Paternal family comes from Friesland, maternal family is from Brabant: as a child I was already fascinated and inspired by water (sailing) and green landscapes. Studied Architecture at TU Delft. I have been working as an independent architect since 1989. Since 2007, together with Herman Zeinstra, Gianni Cito, Ludo Grooteman and Martin Fredriks at the head of Dok architects. Between 2008 and June 2011, I was chief government architect.
2. Why are you fascinated with
architecture / urban development?
Architecture is more than the casing of an activity, for example housing. The way the casing is made makes it beautiful and if you can enjoy it. What is the essence of urbanism: how beautiful is the street, do we enjoy it, is it carefully designed, good building, greenery, good moments? It's very simple, it's about building: both in urbanism as in architecture.
3. Best city
Amsterdam: rich history of planning and urban planning. The canals, beautiful architecture, the parks, all the water and the river. And the social policies, public housing and a good blend of residents. Amsterdam is intimate, as a child I rode my bike through the city as if it were my own domain.
My second city is Vancouver, a city we can learn from: sustainable, green, the layout of streets, the pedestrian is more important than the car. Beautiful public spaces along the water, we should also be able to ride our bikes from IJmuiden to Almere!
4. Most beautiful building
The Maritime Museum. A bold building in the water!
I was allowed to renovate it and that's something I am very proud of.
It competes with the Palace on the Dam, but it's even better because it stands so fearless in the water.
The building, designed by Daniel Stalpaert in 1656, was a warehouse, not suitable as a museum. We started with the Depot Building in 1997, the Maritime Museum followed soon after. With unprecedented pleasure I worked on this renovation, together with Rappange & Partners and Ney+Partners.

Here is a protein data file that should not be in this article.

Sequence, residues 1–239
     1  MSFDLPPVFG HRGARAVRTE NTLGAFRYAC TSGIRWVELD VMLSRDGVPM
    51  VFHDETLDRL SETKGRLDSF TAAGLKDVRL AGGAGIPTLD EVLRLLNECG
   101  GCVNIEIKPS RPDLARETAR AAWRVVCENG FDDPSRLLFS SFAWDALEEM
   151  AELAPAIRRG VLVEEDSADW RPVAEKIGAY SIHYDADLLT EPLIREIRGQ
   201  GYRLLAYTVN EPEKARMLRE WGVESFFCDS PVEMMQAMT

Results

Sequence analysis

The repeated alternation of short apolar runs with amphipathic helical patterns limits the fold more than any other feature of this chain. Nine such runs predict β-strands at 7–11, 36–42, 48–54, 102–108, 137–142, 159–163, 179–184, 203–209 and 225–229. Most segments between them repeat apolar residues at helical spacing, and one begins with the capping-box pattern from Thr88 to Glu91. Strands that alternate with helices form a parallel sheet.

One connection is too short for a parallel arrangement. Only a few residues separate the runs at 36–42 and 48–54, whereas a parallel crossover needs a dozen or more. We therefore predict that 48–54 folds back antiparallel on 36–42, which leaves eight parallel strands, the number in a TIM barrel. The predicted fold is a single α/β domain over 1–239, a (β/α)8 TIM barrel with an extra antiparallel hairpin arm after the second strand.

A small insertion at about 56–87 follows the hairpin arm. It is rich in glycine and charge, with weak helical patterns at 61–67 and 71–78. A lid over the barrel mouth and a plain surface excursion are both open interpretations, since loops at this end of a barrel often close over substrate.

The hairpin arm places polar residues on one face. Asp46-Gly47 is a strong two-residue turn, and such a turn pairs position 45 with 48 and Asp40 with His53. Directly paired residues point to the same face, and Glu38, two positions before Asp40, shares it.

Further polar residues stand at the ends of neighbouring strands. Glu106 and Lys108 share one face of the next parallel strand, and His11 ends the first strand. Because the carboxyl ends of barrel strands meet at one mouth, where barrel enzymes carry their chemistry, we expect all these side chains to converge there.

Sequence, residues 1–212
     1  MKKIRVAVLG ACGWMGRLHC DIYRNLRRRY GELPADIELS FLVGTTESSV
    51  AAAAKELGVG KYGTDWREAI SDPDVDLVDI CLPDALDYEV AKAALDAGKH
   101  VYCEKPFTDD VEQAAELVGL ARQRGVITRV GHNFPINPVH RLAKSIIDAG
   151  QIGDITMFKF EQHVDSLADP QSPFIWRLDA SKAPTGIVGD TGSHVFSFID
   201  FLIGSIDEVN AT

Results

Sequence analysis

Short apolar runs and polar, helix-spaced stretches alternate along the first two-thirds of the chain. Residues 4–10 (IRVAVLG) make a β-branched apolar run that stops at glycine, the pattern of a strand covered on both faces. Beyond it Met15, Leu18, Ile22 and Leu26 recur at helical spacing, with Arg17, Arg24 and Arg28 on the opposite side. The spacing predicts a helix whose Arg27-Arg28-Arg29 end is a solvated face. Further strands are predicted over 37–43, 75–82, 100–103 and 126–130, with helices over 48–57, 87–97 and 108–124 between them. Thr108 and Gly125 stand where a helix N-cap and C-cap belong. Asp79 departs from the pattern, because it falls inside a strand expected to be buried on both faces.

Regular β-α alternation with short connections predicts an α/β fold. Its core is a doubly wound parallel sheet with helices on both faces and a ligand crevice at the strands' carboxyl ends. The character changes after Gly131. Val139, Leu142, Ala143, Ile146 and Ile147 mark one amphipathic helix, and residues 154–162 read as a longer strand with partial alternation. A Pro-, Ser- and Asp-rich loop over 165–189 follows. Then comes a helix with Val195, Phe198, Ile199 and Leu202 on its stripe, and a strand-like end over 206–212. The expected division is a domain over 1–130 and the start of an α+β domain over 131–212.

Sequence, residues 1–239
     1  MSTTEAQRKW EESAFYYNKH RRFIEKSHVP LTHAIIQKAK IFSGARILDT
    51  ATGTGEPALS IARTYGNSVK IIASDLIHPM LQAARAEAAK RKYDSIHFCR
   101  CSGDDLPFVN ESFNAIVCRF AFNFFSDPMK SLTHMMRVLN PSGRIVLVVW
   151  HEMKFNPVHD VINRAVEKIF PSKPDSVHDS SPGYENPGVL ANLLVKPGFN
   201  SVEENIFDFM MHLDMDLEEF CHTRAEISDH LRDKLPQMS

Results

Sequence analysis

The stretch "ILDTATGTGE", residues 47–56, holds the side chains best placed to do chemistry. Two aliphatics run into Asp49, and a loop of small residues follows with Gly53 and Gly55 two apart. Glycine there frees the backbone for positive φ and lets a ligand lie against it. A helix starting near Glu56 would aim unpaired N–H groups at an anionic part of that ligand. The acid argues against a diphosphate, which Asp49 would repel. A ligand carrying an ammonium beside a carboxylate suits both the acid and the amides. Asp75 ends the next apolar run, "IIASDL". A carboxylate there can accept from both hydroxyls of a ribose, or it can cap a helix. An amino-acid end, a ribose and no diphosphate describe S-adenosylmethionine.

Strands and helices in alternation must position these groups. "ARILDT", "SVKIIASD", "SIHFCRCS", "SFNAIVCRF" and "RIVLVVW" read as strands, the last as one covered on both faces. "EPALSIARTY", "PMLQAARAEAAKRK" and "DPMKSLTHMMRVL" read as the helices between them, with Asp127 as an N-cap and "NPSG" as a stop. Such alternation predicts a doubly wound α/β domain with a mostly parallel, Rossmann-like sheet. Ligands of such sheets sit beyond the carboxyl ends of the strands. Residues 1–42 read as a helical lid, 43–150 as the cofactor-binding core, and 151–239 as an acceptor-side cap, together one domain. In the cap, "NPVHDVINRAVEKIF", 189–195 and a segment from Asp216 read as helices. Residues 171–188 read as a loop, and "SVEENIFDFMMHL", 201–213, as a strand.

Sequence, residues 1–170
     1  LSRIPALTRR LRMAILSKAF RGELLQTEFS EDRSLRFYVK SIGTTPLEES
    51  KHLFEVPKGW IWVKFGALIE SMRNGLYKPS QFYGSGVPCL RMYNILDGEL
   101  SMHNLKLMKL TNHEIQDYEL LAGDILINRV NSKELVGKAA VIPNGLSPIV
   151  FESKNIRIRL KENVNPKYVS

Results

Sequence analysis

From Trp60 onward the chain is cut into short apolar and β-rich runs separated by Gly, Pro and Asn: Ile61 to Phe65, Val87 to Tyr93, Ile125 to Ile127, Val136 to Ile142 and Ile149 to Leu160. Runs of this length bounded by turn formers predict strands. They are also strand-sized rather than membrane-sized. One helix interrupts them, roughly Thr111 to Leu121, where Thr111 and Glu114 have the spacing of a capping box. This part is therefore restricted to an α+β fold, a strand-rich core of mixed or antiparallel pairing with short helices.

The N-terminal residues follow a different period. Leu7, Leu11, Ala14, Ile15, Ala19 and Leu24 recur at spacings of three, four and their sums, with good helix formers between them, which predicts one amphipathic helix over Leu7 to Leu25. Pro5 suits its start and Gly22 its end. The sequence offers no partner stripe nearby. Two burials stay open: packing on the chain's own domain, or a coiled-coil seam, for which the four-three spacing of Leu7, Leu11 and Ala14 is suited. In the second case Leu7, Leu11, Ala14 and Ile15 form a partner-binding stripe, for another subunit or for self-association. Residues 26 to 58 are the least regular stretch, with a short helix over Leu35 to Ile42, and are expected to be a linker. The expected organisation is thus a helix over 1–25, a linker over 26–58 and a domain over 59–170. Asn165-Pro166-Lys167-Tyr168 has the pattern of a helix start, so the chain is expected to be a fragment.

5. Most beautiful park or square
A definite attribute to Amsterdam is that parks compete with each other. Westerpark is the best, besides space for walkers and cyclists it has various other functions. Completely different characteristics than the Vondelpark, the Sarphatipark or the Oosterpark. Almost every garden of closed blocks has the quality of a park. And the diversity in trees along the canals and in the suburbs, all of this delivers us a green city.
6. Best public facility / urban infill
I have always been impressed with the 'Eikenplein’ in Amsterdam. With relatively simple means, this square has been transformed into a magical square. Very simple, with good materials, good lighting, good benches, beautiful trees. And it is 'beautifully' empty. Why not spruce up all the squares like this? Peace and quiet, suddenly make people want to stay.
7. Best 20th and 21st century innovations
Housing, the Housing Act of 1901 has put an end to the miserable living conditions of many people, and the various housing typologies, which were conceived for different audiences. Like HAT-units, houses, housing developments, zigzag and drum housing. A rich diversity.
8. Next groundbreaking innovation
In the future we are going to focus more on improving and renovating existing housing and conversion of offices into homes rather than new construction. We are inventing this as we speak.
Making public spaces more sustainable and of better quality.
9. About the future of cities
Compact Netherlands: don't let cities expand therefore conserving the landscape. The city becomes more compact and (therefore) better.
10. Personal contribution to urban development
I work on wonderful, diverse projects within the urban atmosphere. Small squares, housing and shops, as in Nieuwegein and the ‘Zaantoren’ in Zaanstad.
11. Guerrilla in the city?
Nomadic areas, temporarily out of use, occupied by artists. Old buildings, like the Wibautstraat in Amsterdam, now hip and hot.